III. JUDICIAL STANDARD

         A. Morion to Remand

         A defendant may remove a case from state to federal court when the action could have initially been filed in federal court on the basis of original jurisdiction. 28 U.S.C § 1441(a). Caterpillar, Inc. v. Williams, 482 U.S. 386, 392 (1987). Original jurisdiction exists when a case either presents a federal question or is between citizens of different states and involves an amount in controversy that exceeds $75, 000. 28 U.S.C. § 1331; 1332(a). A case presents a federal question if a claim "aris[es] under the Constitution, laws, or treaties of the United States." Sullivan v. First Affiliated Sec, Inc., 813 F.2d 1368, 1371 (9th Cir. 1987) (quoting 28 U.S.C. § 1331). Once a federal court has a basis for original jurisdiction, it can exercise supplemental jurisdiction over state law claims that derive from the same common nucleus of operative facts as the federal law claims. See City of Chicago v. int'l Coll. of Surgeons, 522 U.S. 156, 164-65 (1997); 28 U.S.C. § 1367.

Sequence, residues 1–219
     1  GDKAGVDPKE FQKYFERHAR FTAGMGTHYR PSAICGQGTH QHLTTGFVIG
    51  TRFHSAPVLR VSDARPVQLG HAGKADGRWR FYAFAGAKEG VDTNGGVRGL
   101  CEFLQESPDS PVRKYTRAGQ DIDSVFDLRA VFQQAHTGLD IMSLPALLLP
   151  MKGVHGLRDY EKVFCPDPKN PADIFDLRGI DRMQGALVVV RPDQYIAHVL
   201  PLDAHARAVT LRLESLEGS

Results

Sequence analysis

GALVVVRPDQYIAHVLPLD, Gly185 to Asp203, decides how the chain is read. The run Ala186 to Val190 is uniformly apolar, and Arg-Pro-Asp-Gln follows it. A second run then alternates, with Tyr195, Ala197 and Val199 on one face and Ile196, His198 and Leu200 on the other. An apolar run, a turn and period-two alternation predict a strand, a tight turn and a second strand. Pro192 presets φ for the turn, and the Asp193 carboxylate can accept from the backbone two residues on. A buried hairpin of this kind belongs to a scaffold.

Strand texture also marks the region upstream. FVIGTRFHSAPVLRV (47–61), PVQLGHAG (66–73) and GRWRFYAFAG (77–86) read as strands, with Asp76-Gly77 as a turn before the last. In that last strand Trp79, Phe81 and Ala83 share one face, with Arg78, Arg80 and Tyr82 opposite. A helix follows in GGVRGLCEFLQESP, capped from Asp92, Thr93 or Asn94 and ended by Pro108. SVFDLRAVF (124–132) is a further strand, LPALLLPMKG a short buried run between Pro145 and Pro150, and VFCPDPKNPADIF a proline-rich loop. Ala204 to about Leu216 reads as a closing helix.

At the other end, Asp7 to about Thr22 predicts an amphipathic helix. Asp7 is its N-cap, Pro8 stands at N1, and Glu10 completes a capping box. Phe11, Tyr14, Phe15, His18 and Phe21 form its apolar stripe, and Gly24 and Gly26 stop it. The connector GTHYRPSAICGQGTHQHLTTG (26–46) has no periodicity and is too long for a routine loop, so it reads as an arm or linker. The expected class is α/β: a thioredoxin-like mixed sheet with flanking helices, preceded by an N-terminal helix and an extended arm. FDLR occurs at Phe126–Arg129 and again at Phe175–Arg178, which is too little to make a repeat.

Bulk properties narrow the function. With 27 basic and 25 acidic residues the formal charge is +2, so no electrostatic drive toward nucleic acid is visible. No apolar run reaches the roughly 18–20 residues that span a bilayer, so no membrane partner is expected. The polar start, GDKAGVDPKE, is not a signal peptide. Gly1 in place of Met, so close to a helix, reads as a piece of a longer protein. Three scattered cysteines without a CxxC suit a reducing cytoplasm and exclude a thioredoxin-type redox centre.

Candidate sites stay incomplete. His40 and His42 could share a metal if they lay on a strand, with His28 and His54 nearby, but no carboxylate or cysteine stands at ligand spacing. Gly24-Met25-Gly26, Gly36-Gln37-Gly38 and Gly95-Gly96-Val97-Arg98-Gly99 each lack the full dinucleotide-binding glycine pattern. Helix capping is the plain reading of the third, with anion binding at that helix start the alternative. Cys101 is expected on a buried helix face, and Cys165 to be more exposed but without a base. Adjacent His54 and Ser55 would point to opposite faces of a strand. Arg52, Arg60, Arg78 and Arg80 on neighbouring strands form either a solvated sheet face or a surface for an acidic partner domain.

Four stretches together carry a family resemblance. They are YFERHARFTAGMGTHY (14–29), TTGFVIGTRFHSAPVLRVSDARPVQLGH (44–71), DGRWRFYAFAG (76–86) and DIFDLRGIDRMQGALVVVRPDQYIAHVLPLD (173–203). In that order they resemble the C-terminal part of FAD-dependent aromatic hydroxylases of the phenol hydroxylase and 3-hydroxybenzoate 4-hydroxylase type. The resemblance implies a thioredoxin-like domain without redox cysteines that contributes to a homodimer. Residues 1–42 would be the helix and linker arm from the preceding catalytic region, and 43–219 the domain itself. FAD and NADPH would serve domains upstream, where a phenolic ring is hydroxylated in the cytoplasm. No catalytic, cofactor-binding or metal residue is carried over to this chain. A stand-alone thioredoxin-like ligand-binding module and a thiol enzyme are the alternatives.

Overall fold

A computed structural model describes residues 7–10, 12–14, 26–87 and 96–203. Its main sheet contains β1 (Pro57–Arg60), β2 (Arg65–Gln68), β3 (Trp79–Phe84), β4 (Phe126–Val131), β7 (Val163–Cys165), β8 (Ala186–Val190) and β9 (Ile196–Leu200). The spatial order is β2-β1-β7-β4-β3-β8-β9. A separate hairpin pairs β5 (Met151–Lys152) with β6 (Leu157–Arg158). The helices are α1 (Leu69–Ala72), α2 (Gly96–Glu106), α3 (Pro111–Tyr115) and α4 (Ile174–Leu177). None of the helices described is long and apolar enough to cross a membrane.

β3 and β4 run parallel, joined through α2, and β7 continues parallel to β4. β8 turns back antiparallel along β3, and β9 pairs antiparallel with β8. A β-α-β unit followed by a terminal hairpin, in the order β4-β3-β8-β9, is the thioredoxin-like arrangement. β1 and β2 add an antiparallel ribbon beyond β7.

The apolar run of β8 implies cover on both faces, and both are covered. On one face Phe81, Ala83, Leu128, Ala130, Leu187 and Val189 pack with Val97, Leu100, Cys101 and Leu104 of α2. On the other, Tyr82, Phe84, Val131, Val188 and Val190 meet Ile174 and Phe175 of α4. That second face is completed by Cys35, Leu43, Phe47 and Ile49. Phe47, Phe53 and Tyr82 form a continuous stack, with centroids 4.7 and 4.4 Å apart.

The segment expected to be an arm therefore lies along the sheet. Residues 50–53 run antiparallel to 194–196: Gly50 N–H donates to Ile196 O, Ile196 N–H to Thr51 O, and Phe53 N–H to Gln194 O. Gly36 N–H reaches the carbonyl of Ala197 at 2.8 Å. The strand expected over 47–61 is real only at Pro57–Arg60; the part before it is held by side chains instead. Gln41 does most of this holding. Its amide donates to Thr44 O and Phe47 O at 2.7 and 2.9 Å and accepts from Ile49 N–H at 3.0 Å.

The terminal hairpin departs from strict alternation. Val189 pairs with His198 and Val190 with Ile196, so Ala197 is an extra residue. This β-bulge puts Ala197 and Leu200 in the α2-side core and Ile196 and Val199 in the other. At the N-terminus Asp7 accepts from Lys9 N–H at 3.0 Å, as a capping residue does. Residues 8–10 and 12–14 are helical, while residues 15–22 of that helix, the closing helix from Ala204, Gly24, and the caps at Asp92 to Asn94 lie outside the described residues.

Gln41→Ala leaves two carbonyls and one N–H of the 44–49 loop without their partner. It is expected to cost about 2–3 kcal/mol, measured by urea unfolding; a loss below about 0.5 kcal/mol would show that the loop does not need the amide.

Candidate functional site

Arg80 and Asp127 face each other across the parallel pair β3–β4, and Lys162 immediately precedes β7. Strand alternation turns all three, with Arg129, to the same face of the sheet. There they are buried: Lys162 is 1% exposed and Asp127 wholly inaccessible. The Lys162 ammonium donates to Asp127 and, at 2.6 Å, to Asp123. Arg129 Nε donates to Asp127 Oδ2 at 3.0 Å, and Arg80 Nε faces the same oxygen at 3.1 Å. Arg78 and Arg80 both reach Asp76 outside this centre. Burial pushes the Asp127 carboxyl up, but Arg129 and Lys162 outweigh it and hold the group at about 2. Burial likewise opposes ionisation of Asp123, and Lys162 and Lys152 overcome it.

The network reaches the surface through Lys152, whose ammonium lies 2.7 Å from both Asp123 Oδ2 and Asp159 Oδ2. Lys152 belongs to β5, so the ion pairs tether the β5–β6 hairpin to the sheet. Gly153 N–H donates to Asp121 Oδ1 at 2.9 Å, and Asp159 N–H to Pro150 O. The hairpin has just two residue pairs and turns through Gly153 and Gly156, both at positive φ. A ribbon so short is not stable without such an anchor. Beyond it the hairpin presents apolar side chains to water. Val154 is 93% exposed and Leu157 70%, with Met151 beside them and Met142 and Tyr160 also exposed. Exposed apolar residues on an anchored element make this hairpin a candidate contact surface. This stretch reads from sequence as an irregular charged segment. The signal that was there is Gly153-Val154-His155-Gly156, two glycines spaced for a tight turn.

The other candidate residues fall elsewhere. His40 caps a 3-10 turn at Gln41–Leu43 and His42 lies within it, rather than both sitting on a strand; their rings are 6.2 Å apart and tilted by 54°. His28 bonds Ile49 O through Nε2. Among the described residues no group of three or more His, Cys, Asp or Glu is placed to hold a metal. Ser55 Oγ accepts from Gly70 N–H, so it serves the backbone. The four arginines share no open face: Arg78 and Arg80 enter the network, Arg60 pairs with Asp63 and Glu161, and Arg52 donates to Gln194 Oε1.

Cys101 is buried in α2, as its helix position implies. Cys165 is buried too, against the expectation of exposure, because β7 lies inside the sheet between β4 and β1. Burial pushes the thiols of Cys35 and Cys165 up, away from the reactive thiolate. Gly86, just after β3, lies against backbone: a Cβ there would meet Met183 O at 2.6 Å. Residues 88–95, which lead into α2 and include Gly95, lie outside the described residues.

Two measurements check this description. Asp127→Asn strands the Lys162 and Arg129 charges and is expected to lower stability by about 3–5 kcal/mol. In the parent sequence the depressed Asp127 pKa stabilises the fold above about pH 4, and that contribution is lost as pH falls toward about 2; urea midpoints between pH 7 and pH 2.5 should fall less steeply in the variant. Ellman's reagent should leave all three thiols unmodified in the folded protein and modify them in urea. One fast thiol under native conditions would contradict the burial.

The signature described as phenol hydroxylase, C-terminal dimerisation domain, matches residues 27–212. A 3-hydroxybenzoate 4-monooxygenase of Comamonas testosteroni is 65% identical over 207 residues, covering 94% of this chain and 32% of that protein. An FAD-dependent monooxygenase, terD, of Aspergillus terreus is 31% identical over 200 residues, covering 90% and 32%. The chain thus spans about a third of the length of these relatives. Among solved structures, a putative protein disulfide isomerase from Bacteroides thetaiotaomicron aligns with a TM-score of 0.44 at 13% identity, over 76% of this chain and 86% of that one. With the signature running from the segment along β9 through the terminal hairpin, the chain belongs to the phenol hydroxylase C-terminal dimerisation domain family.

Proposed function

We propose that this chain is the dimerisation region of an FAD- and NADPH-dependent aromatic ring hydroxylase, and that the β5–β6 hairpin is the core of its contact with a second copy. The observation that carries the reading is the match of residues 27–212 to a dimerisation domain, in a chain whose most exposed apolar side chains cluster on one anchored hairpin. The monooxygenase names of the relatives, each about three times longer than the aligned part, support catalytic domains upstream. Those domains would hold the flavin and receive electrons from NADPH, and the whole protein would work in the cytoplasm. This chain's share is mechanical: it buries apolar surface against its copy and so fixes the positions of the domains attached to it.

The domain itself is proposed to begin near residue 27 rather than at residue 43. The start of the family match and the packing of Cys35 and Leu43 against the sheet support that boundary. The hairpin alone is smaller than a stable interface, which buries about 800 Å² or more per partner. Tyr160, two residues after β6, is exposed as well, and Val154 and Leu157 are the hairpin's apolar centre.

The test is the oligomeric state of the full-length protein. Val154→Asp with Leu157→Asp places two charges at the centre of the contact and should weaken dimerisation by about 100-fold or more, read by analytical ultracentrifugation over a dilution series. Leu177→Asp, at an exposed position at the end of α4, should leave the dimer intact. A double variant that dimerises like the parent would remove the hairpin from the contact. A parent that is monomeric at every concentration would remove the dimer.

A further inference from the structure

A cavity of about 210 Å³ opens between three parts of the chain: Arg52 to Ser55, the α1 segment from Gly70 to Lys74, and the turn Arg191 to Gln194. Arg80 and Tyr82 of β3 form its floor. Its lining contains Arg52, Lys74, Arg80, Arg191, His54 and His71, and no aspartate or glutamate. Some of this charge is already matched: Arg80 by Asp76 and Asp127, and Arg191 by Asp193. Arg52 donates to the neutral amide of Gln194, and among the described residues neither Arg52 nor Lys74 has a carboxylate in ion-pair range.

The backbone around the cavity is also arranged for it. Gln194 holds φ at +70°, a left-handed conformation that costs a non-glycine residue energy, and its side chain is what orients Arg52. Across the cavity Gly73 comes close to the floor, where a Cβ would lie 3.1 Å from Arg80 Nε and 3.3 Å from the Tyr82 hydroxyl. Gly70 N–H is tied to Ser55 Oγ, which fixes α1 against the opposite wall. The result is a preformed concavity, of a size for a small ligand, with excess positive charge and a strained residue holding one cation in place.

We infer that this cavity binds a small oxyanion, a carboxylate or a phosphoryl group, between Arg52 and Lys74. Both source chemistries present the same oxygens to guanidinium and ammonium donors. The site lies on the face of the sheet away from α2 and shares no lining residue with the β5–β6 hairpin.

Under 28 U.S.C. § 1447(c), "[i]f at any time before final judgment it appears that the district court lacks subject matter jurisdiction, the case shall be remanded." "[R]emoval statutes should be construed narrowly in favor of remand to protect the jurisdiction of state court." Harris v. Bankers Life & Cas. Co., 425 F.3d 689, 698 (9th Cir. 2005).

         B. Motion to ...